Location: (a) Sec. 22, T 10 N, R 6 W (b) 19 miles north, 8 miles east of Chickasha; 3 miles north of Tuttle
Map: Page 219
Post Office: May 29, 1883--June 17 1890
Silver City, located just south of the Canadian River where it was crossed by the Chisholm Trail, was an important stopping point for cattlemen on their way to northern markets. Just when the village had its beginning is obscure. It is known, however, that a Mexican family living nearby sold quirts to cowboys before 1880. The Canadian may have caused the village to be located at its particular site. In the vicinity were three small creeks with good water, and the land between the creeks furnished a grazing area when the river was in flood. Even when the
water in the Canadian was low, quicksand could present a problem. Cattle, once they had started across, had to be kept moving. Most trail bosses preferred to hold the cattle on the south bank if the crossing could not be completed in daylight. With the opening of the Unassigned Lands, the Cheyenne and Arapaho Reservation, and the Cherokee Outlet for settlement, the Chisholm Trail ceased to exist.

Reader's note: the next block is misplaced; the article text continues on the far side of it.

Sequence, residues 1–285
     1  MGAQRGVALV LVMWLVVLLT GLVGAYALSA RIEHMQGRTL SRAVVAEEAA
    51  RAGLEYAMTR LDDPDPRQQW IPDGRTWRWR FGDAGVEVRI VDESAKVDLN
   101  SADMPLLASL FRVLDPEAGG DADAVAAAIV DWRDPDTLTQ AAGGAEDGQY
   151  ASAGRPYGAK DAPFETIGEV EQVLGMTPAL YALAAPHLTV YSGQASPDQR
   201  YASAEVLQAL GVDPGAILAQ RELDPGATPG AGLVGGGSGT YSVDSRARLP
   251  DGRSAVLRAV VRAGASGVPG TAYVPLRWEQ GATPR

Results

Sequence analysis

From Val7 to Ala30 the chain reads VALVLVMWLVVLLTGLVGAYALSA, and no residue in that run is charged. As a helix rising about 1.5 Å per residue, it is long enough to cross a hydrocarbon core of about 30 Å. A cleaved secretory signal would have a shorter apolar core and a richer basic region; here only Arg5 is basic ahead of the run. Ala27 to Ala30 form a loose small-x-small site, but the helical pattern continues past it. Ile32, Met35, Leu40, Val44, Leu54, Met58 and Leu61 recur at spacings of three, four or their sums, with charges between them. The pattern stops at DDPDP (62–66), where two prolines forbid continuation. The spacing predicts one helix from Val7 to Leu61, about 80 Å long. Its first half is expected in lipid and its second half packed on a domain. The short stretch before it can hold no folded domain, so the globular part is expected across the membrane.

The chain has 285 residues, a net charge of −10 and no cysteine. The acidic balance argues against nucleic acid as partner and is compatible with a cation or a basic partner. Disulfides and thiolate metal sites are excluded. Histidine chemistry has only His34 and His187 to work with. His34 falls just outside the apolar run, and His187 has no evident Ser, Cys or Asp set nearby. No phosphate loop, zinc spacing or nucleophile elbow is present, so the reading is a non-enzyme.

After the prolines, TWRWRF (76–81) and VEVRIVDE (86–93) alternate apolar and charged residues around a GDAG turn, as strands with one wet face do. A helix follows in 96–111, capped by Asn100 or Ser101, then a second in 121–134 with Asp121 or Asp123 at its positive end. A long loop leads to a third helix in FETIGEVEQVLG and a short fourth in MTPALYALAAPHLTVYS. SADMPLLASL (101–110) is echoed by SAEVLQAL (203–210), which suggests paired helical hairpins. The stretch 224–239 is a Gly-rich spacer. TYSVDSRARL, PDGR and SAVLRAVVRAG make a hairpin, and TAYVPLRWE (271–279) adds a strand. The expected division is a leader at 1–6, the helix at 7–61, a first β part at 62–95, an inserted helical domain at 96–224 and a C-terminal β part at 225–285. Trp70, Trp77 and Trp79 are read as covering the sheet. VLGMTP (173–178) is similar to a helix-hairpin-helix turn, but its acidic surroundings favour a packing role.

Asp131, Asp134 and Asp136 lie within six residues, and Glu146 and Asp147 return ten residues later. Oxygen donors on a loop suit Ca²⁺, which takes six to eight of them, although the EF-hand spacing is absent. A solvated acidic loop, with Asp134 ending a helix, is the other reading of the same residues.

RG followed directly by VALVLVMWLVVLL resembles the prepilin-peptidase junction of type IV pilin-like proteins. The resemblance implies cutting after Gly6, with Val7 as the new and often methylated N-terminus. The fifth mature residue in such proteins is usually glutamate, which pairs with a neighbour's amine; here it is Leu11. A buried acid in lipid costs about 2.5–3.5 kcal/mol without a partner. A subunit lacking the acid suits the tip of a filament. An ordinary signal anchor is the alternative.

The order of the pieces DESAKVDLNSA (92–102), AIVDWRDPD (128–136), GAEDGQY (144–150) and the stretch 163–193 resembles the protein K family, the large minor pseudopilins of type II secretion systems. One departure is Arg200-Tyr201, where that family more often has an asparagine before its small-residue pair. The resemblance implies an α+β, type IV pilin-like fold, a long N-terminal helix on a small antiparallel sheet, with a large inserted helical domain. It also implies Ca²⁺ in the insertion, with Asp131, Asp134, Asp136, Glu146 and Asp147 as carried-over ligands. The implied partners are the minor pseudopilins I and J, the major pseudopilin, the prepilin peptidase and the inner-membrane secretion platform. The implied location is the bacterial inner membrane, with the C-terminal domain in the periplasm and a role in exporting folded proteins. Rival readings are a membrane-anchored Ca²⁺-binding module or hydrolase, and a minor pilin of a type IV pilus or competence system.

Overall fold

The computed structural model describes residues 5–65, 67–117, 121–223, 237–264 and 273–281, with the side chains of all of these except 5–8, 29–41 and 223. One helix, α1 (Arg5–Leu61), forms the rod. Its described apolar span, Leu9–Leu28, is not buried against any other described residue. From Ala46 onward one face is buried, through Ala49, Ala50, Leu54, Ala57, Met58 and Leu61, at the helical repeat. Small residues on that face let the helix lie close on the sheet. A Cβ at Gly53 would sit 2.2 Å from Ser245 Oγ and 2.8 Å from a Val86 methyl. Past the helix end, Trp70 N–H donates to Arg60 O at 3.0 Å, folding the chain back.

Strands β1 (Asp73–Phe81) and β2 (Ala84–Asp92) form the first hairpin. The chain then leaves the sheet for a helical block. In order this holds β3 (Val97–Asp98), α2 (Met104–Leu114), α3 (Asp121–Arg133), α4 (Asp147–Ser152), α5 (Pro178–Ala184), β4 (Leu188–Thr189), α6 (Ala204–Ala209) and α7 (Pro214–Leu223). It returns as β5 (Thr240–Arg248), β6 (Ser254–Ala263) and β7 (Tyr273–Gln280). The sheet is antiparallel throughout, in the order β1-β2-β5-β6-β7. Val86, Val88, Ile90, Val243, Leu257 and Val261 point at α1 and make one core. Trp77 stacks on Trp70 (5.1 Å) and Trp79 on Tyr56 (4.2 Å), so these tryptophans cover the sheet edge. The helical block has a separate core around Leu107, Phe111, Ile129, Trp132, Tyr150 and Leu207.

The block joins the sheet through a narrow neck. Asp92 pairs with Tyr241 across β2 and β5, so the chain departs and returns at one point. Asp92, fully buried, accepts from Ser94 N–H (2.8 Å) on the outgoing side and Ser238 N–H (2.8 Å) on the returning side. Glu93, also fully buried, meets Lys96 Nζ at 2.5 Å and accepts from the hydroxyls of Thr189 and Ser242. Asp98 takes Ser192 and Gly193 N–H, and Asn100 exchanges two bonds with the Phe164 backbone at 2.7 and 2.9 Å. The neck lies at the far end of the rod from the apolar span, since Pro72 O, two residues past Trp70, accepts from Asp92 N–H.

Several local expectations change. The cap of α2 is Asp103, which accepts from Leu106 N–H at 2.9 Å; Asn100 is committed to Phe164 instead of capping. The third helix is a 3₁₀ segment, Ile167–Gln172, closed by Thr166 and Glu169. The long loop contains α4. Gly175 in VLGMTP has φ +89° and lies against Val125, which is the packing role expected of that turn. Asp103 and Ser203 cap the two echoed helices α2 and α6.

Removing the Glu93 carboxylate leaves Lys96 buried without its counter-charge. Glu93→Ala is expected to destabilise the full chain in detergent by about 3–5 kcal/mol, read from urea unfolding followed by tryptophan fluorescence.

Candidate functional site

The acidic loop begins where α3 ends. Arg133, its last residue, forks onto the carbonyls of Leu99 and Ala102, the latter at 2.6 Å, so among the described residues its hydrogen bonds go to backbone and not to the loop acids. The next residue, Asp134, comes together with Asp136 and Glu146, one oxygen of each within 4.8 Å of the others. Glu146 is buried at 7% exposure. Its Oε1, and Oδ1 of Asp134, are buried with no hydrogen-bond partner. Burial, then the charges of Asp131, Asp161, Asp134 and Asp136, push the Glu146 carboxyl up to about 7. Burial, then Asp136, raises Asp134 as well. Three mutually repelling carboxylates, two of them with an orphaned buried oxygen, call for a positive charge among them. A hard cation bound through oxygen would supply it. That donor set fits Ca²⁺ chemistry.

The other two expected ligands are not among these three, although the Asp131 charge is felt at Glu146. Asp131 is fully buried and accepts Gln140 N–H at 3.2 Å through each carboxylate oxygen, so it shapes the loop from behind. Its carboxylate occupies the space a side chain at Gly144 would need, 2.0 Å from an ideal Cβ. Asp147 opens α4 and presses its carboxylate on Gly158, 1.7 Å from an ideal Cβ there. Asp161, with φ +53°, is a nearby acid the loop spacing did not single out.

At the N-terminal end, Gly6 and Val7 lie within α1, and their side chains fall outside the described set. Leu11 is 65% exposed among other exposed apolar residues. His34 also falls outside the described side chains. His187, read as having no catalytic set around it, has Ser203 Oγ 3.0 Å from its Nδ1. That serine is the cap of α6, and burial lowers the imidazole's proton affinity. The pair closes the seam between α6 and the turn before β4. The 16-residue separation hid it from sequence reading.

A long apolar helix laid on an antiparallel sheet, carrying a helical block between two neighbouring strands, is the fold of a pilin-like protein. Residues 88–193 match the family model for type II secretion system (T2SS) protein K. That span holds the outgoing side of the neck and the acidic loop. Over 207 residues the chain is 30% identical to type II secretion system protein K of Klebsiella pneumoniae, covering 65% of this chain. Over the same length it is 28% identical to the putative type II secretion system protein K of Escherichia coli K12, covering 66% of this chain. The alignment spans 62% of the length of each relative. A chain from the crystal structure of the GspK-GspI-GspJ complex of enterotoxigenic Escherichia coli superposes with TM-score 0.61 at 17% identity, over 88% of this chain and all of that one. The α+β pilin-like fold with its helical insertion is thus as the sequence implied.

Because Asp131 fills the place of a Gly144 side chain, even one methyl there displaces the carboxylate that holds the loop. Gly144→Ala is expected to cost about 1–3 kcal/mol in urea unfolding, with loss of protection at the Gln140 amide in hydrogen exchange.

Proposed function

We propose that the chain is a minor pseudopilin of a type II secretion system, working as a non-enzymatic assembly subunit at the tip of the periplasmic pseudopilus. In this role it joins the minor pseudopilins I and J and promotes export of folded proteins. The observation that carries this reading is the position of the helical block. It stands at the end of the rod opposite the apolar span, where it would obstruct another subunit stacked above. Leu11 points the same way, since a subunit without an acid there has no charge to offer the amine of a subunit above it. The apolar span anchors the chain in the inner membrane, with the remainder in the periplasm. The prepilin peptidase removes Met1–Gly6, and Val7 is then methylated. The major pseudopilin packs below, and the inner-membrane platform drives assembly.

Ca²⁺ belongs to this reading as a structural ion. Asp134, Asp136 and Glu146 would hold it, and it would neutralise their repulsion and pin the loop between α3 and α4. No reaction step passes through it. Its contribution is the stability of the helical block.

In 1890, when the Rock Island extended its tracks south of the river, there was a general movement from Silver City to the new town of Minco. One of the noted pioneers of Silver City was Meta Chestnut [sic], who had organized a subscription school. She also moved to Minco where she started Minco Academy, which later become El Meta Bond College.
The only existing reminder of Silver City is the cemetery. All land formerly occupied by the village and trail is now in agricultural use.
Source: John W. Morris, Ghost Towns of Oklahoma (Norman: University of Oklahoma Press, 1978), 173-74.
Note: The Oxford English Dictionary defines "quirt" as "a riding whip with a short handle and a braided leather lash."